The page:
Teacher’s Corner: by Sarah Williams
Musicians Are Athletes
Musicians use their bodies extensively while playing. There are some instruments that are more naturally positioned for the body, such as the oboe or trumpet, where the instrument is simply held in front of the body, positioned in the centre. The violin is a different case. It is held on the left shoulder with the left arm suspended in the air out to the side and the right arm raised, moving horizontally as the bow is drawn across the strings. Although we can learn to relax as much as possible while playing violin, it is still not a natural position.
Many complications can result from improper posture while playing the violin, such as unbalanced legs, a curvature in the back, over extended elbows and many more. Some violinists develop stiffness in the jaw from clenching their teeth while playing. I saw a teacher once in a masterclass who asked the student to play with their mouth open to help relax the jaw muscles. Another good tip is to lift your head off the chin rest and move it around periodically.
With a good teacher and practice, musicians learn proper posture right from the beginning of learning to play the violin. By maintaining proper posture, they may be able to prevent injuries.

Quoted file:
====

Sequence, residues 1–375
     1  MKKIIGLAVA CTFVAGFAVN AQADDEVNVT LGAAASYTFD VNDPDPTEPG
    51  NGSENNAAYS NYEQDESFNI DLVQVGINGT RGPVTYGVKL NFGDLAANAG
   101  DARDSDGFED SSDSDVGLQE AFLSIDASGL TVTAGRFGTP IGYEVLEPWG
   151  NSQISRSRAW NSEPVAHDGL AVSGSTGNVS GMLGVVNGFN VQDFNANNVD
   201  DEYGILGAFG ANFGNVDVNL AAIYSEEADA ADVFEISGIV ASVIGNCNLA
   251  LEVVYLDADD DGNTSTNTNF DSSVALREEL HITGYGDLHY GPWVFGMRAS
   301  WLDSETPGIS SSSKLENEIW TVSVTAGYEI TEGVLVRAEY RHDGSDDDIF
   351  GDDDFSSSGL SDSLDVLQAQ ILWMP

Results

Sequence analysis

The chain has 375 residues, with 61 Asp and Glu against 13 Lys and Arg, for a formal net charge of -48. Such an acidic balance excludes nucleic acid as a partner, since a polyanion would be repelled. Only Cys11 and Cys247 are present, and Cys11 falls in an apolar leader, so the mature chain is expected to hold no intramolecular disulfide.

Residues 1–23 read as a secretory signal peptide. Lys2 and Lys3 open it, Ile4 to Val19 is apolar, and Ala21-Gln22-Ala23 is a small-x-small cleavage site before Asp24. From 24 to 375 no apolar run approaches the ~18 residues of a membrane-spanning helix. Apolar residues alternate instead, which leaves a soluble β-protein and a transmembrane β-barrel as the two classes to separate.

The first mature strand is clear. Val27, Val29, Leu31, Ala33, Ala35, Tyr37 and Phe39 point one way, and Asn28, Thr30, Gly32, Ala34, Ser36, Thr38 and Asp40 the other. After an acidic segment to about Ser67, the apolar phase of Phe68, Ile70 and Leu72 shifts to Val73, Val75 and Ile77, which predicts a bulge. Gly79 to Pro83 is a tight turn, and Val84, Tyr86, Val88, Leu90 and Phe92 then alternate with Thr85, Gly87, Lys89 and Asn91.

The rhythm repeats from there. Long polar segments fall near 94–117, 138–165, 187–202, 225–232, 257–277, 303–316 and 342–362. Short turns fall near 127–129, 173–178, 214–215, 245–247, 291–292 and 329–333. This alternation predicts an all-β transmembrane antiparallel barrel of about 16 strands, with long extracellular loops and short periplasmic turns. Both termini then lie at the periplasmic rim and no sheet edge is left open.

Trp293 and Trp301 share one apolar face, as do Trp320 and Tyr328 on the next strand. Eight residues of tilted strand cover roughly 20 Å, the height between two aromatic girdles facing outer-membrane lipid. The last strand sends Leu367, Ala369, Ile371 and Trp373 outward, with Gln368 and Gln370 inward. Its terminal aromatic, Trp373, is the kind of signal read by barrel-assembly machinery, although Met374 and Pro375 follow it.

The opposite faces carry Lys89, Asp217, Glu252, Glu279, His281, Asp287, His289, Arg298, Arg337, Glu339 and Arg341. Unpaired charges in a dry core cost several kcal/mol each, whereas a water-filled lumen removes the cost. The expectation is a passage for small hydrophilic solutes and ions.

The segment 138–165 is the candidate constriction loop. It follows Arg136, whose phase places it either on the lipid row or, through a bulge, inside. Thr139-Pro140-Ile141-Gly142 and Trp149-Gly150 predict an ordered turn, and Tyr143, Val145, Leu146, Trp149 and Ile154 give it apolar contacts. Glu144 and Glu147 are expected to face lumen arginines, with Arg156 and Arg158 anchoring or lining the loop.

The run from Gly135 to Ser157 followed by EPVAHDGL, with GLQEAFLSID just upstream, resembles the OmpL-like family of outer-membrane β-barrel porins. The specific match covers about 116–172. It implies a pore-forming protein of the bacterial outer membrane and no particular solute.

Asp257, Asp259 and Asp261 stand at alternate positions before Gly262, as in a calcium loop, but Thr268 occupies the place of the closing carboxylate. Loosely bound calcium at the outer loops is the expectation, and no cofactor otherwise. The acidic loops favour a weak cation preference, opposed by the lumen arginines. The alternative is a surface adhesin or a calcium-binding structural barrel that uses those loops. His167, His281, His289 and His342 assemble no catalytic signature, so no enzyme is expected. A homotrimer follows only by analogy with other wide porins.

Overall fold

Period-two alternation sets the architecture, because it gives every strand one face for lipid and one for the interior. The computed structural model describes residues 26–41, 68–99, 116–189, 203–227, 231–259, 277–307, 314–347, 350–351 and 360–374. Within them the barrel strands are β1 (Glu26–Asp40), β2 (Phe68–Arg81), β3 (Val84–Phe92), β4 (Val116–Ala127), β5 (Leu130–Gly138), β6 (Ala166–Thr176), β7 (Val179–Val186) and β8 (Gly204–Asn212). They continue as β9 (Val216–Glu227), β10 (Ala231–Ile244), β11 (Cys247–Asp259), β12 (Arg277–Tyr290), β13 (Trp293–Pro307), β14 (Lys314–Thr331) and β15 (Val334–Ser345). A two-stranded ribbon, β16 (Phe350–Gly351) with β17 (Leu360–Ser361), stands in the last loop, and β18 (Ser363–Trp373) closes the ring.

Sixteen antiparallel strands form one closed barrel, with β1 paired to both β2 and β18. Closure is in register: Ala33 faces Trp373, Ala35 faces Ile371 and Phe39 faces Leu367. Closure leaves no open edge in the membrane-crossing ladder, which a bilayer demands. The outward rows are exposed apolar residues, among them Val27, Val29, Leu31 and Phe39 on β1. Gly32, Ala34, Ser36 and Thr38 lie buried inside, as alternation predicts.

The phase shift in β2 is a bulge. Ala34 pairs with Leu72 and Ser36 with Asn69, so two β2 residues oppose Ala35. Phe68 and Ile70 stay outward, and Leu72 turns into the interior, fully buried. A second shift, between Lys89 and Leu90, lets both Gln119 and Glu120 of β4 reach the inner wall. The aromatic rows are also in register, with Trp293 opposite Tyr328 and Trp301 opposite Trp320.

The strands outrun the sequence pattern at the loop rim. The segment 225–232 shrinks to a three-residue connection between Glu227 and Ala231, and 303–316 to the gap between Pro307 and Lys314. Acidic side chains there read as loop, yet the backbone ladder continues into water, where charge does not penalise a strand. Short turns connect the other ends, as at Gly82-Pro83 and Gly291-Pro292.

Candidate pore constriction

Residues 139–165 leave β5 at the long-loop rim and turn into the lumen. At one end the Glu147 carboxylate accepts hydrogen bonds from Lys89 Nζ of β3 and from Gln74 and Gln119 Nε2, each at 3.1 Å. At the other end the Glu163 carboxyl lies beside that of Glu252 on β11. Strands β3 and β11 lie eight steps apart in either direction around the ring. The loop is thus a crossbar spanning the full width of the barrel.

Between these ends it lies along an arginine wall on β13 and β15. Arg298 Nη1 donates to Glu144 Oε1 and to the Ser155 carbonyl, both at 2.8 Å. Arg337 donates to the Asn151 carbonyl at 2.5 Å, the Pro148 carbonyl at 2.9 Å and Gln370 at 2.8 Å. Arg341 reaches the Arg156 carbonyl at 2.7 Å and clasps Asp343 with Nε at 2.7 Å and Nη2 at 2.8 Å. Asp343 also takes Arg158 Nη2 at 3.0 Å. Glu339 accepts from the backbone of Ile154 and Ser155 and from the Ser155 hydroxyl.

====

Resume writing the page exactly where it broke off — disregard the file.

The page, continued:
Similar to athletes, musicians train hours a day, and use their bodies strenuously with repetitive motions. The muscles and body tires after playing for long periods, and injuries can develop. I developed tendinitis at age 16, and had to take a year break from playing the violin. Thankfully, my muscles recovered and I was able to start playing again, but this is not always the case. Some musicians develop injuries and are no longer able to play because of the pain
This is why I would like to stress the importance of stretching before practising. Stretching helps relax the muscles and prepare them for the repetitive motions we create when playing. This will in turn avoid complications with overused muscles over time.